Let’s Talk About Nick Lowe
*(This EP cover is an excellent example of how Nick infuses humo(u)r into his music)
Eleven years ago I knew three things about Nick Lowe. That he wrote ’What’s So Funny ’Bout Peace Love and Understanding?’ made famous by Elvis Costello. Two, that he had a massive hit with the impossibly catchy “Cruel To Be Kind’ in 1979. Three, that his contribution to the film soundtrack Rock and Roll High School (So It Goes) was my favorite of all the tunes (including the Ramones stuff).
That’s It. That’s all I knew.
Then a decade ago a friend of mine burned me a copy of Jesus Of Cool, Nick’s debut album, originally released in 1978. Somehow sensing that I was a newbie to the guy, my friend kindly composed a nifty Biography of Mr Lowe to assist in my assessment. It helped pique my interest greatly and I feel compelled to share some snippets of it with you.
“Nick Lowe’s solo LP was spawned at the height of the late 70’s ‘New Wave’ mania. Lowe was a veteran of the British music scene known as the bassist and chief vocalist/ songwriter for the well known (by some) ’Pub Rock’ group Brinsley Schwarz (later to become the Rumour and back-up for Graham Parker).
In 1978 Lowe was primarily known as a producer having worked on Elvis Costello’s first album as well as seminal releases from the Damned, Dave Edmunds, Graham Parker and the Pretenders (Stop Your Sobbing).
Lowe made no bones about producing radio-friendly rock and roll and was unashamed to churn out quirky, funny singles in an era when the trappings of anything ‘pop’ was deemed very uncool. This sense of humor and the in-your-face irony is evident on ‘Jesus Of Cool’. Lowe never took himself too seriously, which was refreshing in 1978. For example, when David Bowie released his album ‘Low’, Nick countered by releasing an EP called ‘Bowi’…I mean, that’s just funny!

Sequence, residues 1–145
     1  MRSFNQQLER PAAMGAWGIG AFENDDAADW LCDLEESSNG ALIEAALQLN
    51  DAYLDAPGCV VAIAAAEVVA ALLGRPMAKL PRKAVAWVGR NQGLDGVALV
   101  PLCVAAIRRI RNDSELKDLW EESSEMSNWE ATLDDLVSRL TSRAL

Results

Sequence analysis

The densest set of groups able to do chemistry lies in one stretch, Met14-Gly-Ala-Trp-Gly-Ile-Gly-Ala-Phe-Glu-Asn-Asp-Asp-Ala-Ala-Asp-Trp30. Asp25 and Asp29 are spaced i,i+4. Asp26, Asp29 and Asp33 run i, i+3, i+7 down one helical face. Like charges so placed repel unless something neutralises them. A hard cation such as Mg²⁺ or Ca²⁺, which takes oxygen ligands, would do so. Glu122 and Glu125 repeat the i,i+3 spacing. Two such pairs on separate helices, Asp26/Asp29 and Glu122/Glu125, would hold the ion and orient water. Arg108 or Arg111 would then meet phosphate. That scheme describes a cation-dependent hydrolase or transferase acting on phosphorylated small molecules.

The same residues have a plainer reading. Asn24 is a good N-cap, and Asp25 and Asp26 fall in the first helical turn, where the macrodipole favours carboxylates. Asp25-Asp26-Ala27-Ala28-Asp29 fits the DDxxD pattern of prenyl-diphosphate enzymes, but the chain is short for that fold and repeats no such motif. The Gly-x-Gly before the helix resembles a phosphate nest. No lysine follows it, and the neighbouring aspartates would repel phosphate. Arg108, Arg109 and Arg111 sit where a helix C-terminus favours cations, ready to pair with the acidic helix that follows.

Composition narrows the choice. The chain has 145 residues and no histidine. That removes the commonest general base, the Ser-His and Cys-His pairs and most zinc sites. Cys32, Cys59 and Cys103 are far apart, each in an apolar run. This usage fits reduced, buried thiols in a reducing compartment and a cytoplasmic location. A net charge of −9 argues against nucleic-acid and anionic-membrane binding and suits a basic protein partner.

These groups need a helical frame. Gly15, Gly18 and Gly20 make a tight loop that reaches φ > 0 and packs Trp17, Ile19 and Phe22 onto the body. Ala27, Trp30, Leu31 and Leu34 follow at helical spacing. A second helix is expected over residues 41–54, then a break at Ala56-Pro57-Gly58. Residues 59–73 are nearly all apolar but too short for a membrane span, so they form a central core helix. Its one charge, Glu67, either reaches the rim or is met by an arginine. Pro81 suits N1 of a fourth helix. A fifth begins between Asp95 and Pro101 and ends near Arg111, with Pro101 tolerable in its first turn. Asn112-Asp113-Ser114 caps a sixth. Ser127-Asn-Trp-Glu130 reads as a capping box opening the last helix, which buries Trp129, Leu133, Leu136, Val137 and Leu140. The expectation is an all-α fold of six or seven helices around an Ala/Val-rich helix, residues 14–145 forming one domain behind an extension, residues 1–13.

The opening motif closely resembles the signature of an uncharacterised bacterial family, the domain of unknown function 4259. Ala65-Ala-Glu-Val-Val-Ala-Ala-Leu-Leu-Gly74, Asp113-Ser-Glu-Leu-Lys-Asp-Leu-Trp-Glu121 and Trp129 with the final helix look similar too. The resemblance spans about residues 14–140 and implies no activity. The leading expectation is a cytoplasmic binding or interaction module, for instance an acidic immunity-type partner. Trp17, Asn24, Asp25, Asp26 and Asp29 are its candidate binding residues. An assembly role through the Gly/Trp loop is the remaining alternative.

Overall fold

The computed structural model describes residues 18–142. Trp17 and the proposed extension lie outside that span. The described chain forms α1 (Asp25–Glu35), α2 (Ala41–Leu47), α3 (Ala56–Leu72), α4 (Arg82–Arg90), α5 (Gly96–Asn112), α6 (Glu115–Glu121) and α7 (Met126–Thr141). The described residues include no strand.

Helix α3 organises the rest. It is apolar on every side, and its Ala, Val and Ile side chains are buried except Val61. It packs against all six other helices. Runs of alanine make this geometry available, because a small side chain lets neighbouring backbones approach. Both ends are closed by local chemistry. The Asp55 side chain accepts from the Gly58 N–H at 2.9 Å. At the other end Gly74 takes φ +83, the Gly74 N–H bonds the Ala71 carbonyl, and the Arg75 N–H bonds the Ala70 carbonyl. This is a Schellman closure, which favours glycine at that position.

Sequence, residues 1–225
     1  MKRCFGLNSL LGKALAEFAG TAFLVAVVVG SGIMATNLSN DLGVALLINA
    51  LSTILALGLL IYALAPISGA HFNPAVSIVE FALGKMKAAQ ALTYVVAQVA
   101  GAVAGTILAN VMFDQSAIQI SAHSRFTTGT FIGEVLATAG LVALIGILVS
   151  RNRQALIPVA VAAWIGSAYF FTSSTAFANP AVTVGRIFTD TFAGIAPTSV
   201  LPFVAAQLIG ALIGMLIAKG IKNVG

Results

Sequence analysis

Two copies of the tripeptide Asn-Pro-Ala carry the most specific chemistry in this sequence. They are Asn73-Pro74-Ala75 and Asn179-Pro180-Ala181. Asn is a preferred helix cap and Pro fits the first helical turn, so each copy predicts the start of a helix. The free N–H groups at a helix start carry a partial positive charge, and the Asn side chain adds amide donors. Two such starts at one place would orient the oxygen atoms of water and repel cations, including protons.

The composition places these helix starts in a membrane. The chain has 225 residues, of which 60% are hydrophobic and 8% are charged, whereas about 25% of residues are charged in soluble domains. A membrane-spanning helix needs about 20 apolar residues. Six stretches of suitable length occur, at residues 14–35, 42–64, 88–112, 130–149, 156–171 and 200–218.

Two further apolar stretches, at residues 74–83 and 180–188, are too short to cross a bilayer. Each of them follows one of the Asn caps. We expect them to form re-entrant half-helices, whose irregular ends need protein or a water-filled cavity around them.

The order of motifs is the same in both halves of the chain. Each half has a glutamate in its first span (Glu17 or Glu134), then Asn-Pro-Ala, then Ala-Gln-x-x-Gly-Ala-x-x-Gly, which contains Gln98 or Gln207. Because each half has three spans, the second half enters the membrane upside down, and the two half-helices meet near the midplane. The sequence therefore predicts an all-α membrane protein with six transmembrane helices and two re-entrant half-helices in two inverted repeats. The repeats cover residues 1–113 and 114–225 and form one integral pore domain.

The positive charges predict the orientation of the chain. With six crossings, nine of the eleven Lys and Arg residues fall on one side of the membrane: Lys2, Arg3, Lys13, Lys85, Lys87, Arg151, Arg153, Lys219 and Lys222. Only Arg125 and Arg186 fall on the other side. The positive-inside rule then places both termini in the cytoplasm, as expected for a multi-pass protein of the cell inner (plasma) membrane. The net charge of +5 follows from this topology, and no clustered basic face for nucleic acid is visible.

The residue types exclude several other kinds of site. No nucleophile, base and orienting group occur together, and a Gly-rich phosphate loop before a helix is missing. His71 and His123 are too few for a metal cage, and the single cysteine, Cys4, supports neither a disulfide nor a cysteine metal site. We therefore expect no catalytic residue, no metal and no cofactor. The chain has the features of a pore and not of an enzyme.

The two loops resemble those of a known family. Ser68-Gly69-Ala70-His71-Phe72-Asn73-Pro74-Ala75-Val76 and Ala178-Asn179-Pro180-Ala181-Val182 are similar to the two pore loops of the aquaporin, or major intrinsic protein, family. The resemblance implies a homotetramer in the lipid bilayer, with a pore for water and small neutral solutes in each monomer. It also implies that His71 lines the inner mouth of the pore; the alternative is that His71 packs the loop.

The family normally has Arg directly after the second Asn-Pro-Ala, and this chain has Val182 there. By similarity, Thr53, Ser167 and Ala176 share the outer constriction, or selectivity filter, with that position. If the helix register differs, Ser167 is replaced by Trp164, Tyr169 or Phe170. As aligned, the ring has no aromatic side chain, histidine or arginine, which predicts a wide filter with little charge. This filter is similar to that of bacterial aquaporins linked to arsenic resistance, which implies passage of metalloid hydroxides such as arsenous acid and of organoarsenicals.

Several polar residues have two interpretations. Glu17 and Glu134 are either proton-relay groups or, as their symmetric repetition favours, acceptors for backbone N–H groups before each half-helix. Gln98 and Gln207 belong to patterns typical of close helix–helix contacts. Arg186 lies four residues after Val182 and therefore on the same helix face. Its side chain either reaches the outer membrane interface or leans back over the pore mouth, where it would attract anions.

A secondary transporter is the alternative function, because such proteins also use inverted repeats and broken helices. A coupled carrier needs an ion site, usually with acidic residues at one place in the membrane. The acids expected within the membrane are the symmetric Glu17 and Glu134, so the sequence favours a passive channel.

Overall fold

Lowe’s solo work was heavy on bass and heavy on wit. ‘36 Inches High’ is just flat out brilliant while Marie Provost was lifted straight from the pages of Hollywood Babylon (really!), the story of a forgotten silent film actress who died in her apartment and whose corpse was eventually eaten by her pet dachshunds (‘She was a winner/ who became the doggies’ dinner/ she never meant that much to me/ poor Marie.)
And ‘Nutted By Reality’ may just be the best purely twisted pop song in history. Last, but not least, is the closing track ‘Rollers Show’. A Sarcastic tweak of the then chart-topping Bay City Rollers, or is it a tip of an admirers hat to some fellow popsters? Does it matter?
I Think you’ll like this record!”
My friend couldn’t have been more on the money, and I have been obsessed with the man’s music ever since. I mean, Nick Lowe is, quite frankly, a pop music genius. Virtually every stage of his career contains at least a metric ton of good stuff packed in the grooves. Like Paul McCartney he knows his way around a melody, and also like McCartney is quite adept at stitching together multiple song fragments in order to make many satisfying little snippets into a brilliant ‘mini-suite’.
He’s still doing it, too. ‘At My Age‘, Nick’s 2007 release, is a sublime grower, I assure you. He sounds extremely confident, and his pop chops are as sharp as ever. He’s more relaxed, more of a new wave crooner, if you will. Since I’m getting older too it’s remains a good fit for both of us.
More people should know about this guy as there’s something very comforting and very satisfying in listening to a Nick Lowe record. Once he gets under your skin he spreads through the rest of your body like a virus, the kind you can’t get rid of.
My top 5 Nick Lowe albums are as follows: